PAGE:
Kessler said the union is proposing a team teaching approach once school starts again so “teachers can meet the emotional needs of individual students and be a support for each other.”
One thing teachers won’t have to worry about is their paychecks, as Taylor expects the state to waive Paradise Unified’s attendance requirements for up to two years. California schools are funded based on their average daily attendance (ADA). Without a waiver, the district would be facing a crippling funding cut corresponding with the attendance drop and be forced to lay off many teachers and staff.
“I told (State Superintendent Tom) Torlakson that there would be hell to pay if the ADA money wasn’t provided,” Taylor said. “I don’t have many lawyers, but I do have rednecks who will drive down to Sacramento in their tractors.”
Additionally, officials with the California Department of Education, the Office of Emergency Services and Gov. Jerry Brown’s office are preparing an executive order providing more waivers to the state’s education and building codes that will help Butte and other counties to get students and teachers back to school as quickly as possible, according to state sources.
Charters plot their course
Simultaneous with the efforts by Butte County and Paradise Unified officials, California’s charter school community has rallied around the six charter schools in Paradise that saw their campuses either destroyed or badly damaged in the fire. The schools serve more than 800 students in and around Paradise.
On Tuesday, a team of charter operators and representatives from the California Charter Schools Association met in Chico with Paradise Unified and Butte County officials to collaborate on a plan for the coming weeks and months. Like their counterparts in Paradise Unified, charter officials are scrambling to make contact with their students and find places to school them. Although the search for facilities is a struggle, it’s something charters have plenty of experience with, said Caity Heim, a spokeswoman for the charter schools’ association.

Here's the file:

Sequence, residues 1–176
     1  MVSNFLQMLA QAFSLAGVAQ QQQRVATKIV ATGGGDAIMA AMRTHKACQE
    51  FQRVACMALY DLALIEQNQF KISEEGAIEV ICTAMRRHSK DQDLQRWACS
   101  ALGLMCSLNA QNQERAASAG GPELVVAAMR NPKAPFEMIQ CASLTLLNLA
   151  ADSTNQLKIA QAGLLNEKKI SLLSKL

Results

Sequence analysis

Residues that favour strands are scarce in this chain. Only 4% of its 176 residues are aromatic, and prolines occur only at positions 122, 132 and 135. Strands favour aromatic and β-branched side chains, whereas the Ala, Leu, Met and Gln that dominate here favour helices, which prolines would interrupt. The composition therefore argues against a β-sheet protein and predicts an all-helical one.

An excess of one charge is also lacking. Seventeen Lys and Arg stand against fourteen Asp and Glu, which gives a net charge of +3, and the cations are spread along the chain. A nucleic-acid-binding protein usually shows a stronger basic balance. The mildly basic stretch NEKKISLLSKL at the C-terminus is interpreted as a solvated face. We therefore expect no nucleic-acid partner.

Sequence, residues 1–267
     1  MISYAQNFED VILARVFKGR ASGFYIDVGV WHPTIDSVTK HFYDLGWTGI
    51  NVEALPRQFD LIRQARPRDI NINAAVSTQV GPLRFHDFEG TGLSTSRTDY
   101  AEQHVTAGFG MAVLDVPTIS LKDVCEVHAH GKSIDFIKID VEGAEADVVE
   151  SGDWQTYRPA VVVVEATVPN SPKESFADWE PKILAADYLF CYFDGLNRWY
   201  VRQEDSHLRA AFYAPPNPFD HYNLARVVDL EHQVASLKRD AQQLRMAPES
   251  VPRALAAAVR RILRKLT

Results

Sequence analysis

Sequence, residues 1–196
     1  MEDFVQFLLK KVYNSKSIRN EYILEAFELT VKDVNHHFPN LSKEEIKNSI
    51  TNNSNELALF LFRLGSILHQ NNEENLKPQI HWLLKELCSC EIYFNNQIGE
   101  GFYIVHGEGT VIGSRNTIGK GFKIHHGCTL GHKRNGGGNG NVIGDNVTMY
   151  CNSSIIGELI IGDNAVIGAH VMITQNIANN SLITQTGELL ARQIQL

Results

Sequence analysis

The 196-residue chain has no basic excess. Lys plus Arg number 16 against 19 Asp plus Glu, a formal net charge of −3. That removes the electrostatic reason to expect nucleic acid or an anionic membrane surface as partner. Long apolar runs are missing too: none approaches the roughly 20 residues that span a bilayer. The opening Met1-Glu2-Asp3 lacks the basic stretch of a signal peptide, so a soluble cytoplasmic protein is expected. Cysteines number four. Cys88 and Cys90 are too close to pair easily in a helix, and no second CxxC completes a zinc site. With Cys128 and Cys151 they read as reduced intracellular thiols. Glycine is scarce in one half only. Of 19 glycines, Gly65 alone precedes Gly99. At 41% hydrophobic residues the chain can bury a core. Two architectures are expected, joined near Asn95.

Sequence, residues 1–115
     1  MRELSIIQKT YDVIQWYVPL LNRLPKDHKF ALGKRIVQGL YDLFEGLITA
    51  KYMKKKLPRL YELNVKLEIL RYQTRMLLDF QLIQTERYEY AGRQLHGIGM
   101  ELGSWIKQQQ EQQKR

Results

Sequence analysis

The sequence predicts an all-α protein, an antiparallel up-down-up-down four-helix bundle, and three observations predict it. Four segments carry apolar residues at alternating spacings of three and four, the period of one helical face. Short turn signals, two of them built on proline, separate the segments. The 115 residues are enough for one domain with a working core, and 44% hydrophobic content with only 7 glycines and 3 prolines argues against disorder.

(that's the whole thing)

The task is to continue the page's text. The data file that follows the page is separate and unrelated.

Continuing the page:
“We’re used to getting scrappy, rolling up our sleeves and finding suitable locations,” Heim said. “It’s very common for charter schools to take over abandoned churches, malls, even buildings in office parks.”
One of the schools, CORE Butte Paradise Center, already has a location in Chico thanks to a new campus that is near completion. The charter schools are also targeting Dec. 3 as their re-opening date, but realistically it might not be until January, Heim said.
“Regardless, we will have some sort of convening on Dec. 3,” she said. “Given how traumatic the experience has been for the children and families, it’s really good to have everyone come together — especially during the holiday season.”
A flood of support
Outside support has poured in to the point where it is overwhelming Taylor and his colleagues.
“Up here we’re used to spaghetti feeds and fun runs,” he said. “We need help just trying to manage it all.”
Among the more high-profile donors is Sierra Nevada Brewing Co. It has started the Sierra Nevada Camp Fire Relief Fund with a $100,000 contribution. It plans to raise more funds by brewing “Resilience Butte County Proud IPA” on Nov. 27 — #Giving Tuesday — and releasing it on draught and in cans in January, said Robin Gregory, the company’s spokeswoman. One hundred percent of the proceeds will go to fire relief for victims of the Camp Fire, she said.
As of Tuesday, 300 breweries across the country had accepted Sierra Nevada’s invitation to help brew the beer and the brewery’s hops and malt distributors have agreed to donate much of the ingredients, Gregory said. The brewery also teamed up with the Town of Paradise, Chico State, local school districts and World Central Kitchen, a nonprofit started by celebrity chef Jose Andres, to serve 15,000 meals to survivors of the Camp Fire on Thanksgiving Day. Heim of the charter schools’ association said the efforts of Sierra Nevada served as inspiration to their group gathered in Chico.
“We wanted a motto for our group and we found it,” Heim said, referring to the new-found rallying cry they use to close meetings. “We now have our daily ‘resilience’ calls.”
This article is published in partnership with EdSource. EdSource Editor-At-Large John Fensterwald contributed.